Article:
ATLANTA – On Friday, the League of Women Voters of Georgia joined partners from Common Cause and individual Georgia voters in filing a federal lawsuit, Common Cause v. Raffensperger, challenging the 6th, 13th, and 14th congressional districts.
This lawsuit challenges that the newly drawn congressional map violates the Fourteenth Amendment to the U.S. Constitution by intentionally denying Black communities in Georgia representation and therefore equal protection of the law.
“Despite hours of testimony from constituents at hearings across the state last year, demanding fair districts lines that keep communities of interest intact and avoid racial gerrymandering, the Georgia Legislature has created a number of Congressional districts that once again unconstitutionally pack and crack racial minorities in order to dilute the voices of voters of color in Georgia,” said Susannah Scott, President of the League of Women Voters of Georgia. “This is unacceptable and the League of Women Voters of Georgia is proud to fight to ensure that the bedrock principle of ‘one person, one vote’ is honored in Georgia.”
“Georgia's political maps must reflect the interests of the people—not the politicians,” said Aunna Dennis, Executive Director of Common Cause Georgia. “These maps intentionally discriminate against Georgians of color by silencing our voices at the ballot box. We look forward to seeing these maps corrected so that they give voice to every voter, regardless of race, ethnicity, or background.”
The case, Common Cause, et al. v. Brad Raffensperger, et al., was brought on behalf of Common Cause, the League of Women Voters of Georgia, and individual Georgians. They are being represented by the Southern Poverty Law Center (SPLC) and Dechert LLP. The complaint filed on January 7, 2022, can be found here.
“The Georgia legislature has ‘cracked’ and ‘packed’ communities of color in the congressional districts map, denying voters of color an equal voice in elections,” said Jack Genberg, senior staff attorney for the SPLC. “This map must be remedied to prevent harm to Georgia’s communities of color for years to come. These unlawful districts would diminish communities’ ability to advocate for fair treatment and allocation of funds from their government.”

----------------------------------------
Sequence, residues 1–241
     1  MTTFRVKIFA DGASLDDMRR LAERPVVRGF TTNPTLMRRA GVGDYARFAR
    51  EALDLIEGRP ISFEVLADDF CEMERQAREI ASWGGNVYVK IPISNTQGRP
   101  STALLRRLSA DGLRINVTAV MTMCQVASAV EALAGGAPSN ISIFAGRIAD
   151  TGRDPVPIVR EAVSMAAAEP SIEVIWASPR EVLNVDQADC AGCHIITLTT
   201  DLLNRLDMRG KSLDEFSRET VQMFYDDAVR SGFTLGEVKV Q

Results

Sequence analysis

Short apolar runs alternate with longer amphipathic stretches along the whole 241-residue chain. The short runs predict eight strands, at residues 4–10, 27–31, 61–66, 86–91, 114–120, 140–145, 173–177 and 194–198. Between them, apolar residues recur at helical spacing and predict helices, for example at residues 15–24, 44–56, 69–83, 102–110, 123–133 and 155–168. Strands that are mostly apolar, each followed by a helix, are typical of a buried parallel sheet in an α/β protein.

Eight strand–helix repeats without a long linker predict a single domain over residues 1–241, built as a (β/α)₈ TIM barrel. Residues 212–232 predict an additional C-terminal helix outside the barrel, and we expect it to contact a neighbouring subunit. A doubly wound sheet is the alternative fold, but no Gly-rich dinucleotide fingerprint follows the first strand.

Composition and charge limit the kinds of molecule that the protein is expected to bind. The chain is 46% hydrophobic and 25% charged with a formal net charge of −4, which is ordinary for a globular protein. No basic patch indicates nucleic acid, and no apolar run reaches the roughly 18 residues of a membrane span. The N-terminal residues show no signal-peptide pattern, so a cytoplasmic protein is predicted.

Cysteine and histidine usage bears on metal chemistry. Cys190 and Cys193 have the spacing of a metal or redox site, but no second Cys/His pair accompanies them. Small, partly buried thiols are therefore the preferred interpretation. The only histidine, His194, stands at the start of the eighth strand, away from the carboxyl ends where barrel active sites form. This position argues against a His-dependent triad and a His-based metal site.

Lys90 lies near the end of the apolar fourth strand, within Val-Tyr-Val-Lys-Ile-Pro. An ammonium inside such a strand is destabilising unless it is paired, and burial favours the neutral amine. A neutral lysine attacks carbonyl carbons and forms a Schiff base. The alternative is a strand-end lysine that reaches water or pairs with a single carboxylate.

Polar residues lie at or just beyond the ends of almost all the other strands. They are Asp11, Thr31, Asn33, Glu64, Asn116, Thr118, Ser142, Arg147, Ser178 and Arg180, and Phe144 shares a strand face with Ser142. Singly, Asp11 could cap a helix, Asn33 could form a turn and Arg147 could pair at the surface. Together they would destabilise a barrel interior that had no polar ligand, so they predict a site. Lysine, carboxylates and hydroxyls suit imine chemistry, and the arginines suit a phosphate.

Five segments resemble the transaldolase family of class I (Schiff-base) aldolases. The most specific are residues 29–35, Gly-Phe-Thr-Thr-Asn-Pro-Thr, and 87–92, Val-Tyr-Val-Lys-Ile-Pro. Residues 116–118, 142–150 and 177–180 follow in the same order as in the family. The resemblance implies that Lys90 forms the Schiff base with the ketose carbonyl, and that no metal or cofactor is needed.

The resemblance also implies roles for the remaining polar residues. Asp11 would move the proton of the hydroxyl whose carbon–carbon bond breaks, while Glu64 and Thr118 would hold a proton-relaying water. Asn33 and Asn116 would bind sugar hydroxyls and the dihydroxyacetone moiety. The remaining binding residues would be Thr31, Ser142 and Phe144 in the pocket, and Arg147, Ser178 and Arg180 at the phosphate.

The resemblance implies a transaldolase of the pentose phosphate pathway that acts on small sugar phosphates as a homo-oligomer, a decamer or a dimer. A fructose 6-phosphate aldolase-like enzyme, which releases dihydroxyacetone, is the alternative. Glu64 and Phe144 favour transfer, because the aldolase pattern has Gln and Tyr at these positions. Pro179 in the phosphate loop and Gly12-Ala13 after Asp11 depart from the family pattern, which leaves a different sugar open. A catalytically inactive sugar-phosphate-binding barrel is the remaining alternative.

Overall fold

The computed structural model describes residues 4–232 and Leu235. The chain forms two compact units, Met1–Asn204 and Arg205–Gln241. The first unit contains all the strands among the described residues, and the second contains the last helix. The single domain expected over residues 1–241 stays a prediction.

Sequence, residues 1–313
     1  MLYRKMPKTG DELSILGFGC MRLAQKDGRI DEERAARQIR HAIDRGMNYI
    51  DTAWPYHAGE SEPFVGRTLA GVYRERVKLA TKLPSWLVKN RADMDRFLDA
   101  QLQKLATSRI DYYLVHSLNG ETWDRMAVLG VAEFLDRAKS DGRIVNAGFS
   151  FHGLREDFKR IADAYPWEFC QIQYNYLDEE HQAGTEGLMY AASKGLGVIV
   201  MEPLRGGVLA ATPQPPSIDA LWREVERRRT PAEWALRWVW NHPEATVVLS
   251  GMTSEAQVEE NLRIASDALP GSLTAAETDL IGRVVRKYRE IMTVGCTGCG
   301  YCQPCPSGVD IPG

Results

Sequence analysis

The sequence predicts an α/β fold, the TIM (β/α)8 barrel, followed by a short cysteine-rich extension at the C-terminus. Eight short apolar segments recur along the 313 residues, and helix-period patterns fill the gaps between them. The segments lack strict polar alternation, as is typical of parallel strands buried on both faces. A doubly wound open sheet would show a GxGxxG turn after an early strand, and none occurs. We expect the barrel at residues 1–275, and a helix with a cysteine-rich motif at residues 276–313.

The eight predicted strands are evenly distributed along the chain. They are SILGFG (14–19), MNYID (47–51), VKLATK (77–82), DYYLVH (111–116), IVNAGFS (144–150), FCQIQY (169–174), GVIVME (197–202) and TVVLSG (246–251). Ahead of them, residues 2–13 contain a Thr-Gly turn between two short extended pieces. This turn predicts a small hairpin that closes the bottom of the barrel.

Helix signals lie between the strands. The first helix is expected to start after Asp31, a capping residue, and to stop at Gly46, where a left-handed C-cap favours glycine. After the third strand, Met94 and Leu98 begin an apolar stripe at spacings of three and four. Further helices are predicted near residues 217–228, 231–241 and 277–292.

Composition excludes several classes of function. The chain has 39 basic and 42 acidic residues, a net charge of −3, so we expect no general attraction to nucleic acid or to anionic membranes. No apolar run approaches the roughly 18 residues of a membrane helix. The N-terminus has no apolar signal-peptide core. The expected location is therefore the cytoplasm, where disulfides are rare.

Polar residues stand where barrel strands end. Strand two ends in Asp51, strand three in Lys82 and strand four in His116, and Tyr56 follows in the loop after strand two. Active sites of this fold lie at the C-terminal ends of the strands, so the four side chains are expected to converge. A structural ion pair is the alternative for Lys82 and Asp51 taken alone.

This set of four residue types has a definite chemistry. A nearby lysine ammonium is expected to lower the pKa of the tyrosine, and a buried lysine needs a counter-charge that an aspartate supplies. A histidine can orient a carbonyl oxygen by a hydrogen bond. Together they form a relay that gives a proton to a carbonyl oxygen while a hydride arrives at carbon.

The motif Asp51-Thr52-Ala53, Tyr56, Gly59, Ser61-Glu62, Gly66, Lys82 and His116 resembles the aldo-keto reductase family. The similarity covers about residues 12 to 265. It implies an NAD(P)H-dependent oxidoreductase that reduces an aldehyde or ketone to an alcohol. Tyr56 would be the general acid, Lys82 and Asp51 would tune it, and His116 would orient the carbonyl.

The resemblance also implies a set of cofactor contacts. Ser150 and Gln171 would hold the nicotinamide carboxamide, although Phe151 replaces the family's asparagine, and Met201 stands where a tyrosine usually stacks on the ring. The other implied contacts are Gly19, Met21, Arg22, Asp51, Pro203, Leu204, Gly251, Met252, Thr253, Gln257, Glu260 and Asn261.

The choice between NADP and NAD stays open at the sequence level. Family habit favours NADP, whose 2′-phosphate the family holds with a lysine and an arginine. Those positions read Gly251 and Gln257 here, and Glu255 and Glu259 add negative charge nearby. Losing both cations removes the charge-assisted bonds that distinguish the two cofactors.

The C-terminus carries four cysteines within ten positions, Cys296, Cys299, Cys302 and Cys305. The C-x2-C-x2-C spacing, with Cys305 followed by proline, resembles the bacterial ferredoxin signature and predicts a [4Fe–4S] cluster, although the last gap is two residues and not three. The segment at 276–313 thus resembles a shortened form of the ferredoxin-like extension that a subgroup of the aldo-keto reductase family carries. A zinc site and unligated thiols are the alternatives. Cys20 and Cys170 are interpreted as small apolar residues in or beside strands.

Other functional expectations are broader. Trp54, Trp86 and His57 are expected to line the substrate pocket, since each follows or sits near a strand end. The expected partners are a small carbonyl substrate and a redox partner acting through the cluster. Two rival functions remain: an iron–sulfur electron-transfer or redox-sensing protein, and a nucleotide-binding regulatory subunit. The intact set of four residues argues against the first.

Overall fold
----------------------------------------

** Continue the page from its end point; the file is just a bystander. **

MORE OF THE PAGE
“We continue our longstanding commitment to ensuring all eligible voters are fairly represented and able to meaningfully participate in the political process without having their votes diluted,” said Hartley West, Partner with Dechert, LLP.
The complaint explains that:
- State legislators cracked Georgia’s 6th Congressional District by siphoning away voters of color to other districts, removing almost half of 6th District voters.
- State legislators replaced the voters of color in the 6th District with white voters so remaining voters of color have less of a voice electing their preferred candidate.
- The General Assembly pieced together Black communities in parts of six counties to pack the 13th District with a Black population much larger than necessary to elect Black-preferred candidates, reducing Black voting strength in other districts.
- State Legislators cracked Black communities in Cobb County into the largely rural, white, 14th District, forcing them into a district that doesn’t reflect their community.
- Black residents of Cobb County will be represented by Representative Marjorie Taylor Greene, a congresswoman known for racist statements against her new constituents.
“These new political maps pack together disparate communities that don't have anything in common in terms of concerns and needs,” said Georgia voter Dr. Ursula Thomas, Ed.D. “I fear that it will disenfranchise my diverse urban and suburban community and deny us equitable treatment.”
“The Clayton County voters in GA's 13th Congressional District are the economic and human resource hubs for the world's busiest airport, but some politicians in state government still diminish our voices by packing Black & Brown votes into only one district,” said Georgia voter Jasmine Bowles. “Despite the scope of our human labor, and how much revenue we help generate for our state, we were denied our fair say in how maps were redrawn, stripping us of our fair portion of resources and representation.”
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